Friday, July 30, 2010

Birth family search

Each of our children has their own unique story of how their life in our family came to be. Learning as much as we can about each of their backgrounds and lives before we entered them has become very important to Sara and I. The day may come where they have questions and we are striving to have as many answers as we can.

Parker is unique in our family, as he has memories of his childhood that he will hopefully never let go. Early on during his time with us he would reflect on his life and experiences in Ethiopia and express to us that he missed his brother Abdi. Sadly, those conversations have slowly dissipated and it pains me greatly to think that he may be ever so slowly losing those memories.

When asked what he would like for us to bring him home from our most recent trip to Ethiopia, after pondering for a moment, he responded with “a picture of Abdi.” It was a gut wrenching answer to say the least. He chose the one thing that I would like more than any other to bring to him, but also the one thing that I didn't know how to find.

He used to ask me why Abdi couldn’t come to America. Why couldn’t we adopt Abdi. Once Park began speaking English and we started to learn more about where he came from we yearned to learn more. We wanted to be able to tell him the story behind how he ended up in our home. That’s easier said than done, but we will try. We owe it to him to attempt to find out how this life with us came to be.

Lleyton’s story is something we have always wanted to know as well. Just like Parker and Addy, we want to be able to share with him the details of his life in Russia and, if possible, the story of his mother. After a bit of research and noticing emails on a Yahoo group that we are a member of about birth family searches in Russia we decided to seriously contemplate searching for Lleyton’s mother. Our decision to follow through with the search was not something that we took lightly. As much as we would like to have the information for Lleyton, we knew that there was a woman out there that had to go through the very difficult process of making the decision to relinquish her rights to parent Lleyton and place him in the care of an orphanage. If the search was successful, how would she react? How would the memories of that day affect her? We did not want to cause her any undo pain.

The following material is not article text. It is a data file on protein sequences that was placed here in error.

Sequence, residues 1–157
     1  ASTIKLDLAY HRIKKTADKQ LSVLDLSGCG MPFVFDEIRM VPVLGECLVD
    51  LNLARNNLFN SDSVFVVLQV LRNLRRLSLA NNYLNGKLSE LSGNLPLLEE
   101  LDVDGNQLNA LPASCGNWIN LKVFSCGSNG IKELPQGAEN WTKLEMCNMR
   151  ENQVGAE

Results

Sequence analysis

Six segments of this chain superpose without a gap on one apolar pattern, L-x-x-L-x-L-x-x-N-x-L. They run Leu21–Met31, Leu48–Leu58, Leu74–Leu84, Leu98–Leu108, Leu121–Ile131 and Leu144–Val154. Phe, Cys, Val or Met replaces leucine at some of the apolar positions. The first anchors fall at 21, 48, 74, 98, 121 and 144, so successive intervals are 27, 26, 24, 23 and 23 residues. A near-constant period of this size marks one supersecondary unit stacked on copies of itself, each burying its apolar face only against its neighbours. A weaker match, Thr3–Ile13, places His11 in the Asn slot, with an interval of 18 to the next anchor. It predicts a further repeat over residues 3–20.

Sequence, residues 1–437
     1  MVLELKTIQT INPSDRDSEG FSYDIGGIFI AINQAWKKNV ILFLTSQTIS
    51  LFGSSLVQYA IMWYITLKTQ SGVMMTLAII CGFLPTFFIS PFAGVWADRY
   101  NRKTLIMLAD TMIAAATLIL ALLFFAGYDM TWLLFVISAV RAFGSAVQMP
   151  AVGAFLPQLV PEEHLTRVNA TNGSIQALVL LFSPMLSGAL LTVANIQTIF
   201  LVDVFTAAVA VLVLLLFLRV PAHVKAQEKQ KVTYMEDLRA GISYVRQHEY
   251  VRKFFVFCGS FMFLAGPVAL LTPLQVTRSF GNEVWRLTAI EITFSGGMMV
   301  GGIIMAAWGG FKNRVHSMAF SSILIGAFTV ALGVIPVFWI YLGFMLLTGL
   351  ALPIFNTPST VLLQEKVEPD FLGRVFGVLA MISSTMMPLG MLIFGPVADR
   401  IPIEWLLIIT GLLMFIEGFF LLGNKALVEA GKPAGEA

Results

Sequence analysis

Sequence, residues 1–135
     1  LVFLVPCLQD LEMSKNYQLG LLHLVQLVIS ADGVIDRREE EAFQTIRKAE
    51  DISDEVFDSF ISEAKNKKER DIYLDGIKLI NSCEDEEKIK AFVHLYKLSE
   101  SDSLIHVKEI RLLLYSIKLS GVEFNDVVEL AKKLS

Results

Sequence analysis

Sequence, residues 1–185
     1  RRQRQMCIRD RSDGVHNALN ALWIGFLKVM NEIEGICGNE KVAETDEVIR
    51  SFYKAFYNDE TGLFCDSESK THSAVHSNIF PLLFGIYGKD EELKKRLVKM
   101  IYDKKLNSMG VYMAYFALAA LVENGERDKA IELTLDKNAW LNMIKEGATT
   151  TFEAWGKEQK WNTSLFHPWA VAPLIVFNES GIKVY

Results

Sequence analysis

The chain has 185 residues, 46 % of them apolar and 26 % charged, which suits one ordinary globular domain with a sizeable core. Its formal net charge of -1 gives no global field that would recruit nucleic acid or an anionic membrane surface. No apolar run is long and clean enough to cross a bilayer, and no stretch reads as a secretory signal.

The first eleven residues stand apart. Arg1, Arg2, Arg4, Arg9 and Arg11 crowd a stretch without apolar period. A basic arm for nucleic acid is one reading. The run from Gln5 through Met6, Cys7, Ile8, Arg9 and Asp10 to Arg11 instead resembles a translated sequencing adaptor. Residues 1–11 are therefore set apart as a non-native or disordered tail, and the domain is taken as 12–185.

After much thought and discussion, we elected to employ the services of a very nice woman in Russia, who we now consider a friend, and she was successful in her task of locating his mother. Thinking back to the email that I received saying that she had found his mother causes my stomach to feel like it is in knots. I was scared to read it. How had the meeting gone? Had we made the right choice?

We had come up with quite a list of questions for Lleyton’s mother that ranged from details on her family history, what her favorite food is, what the weather was like the day he was born, does she have any other children, any details on his father, to what she would like Lleyton to know about her.

Looking back, all of the stress that went along with making the decision was warranted, because we didn’t know how she would react, but after following through with it, we couldn’t be more pleased. From the very detailed account we have of the meeting, Lleyton’s mother, after coming to terms with seeing his picture and finding out of about him, was grateful that we cared so much about her story and went to such lengths to find her so that we could share her story with him. We now have answers, we have pictures of her and her family, we have pictures of the hospital where he was born, and we have details and a picture of his father.

It’s difficult to articulate the emotions that I feel each time I read the letter detailing the meeting that our friend, Svetlana, had with Lleyton’s mother and grandmother. I feel those same emotions when I look at the number of pictures that we have of her, her family, the apartment building she lives in, the hospital, and the picture of his dad. As I told her in a letter that I wrote back to her after she graciously welcomed our friend into her home and answered our questions, her most difficult decision to not parent Lleyton allowed us into his life and granted us the dream of becoming parents, and we are forever grateful to her for that.

Ultimately, our decision to do this search came down to wanting to provide Lleyton with as much information as we can when, and if, he wants it. These searches may not be for every adoptive family, but we are certainly glad we did it.

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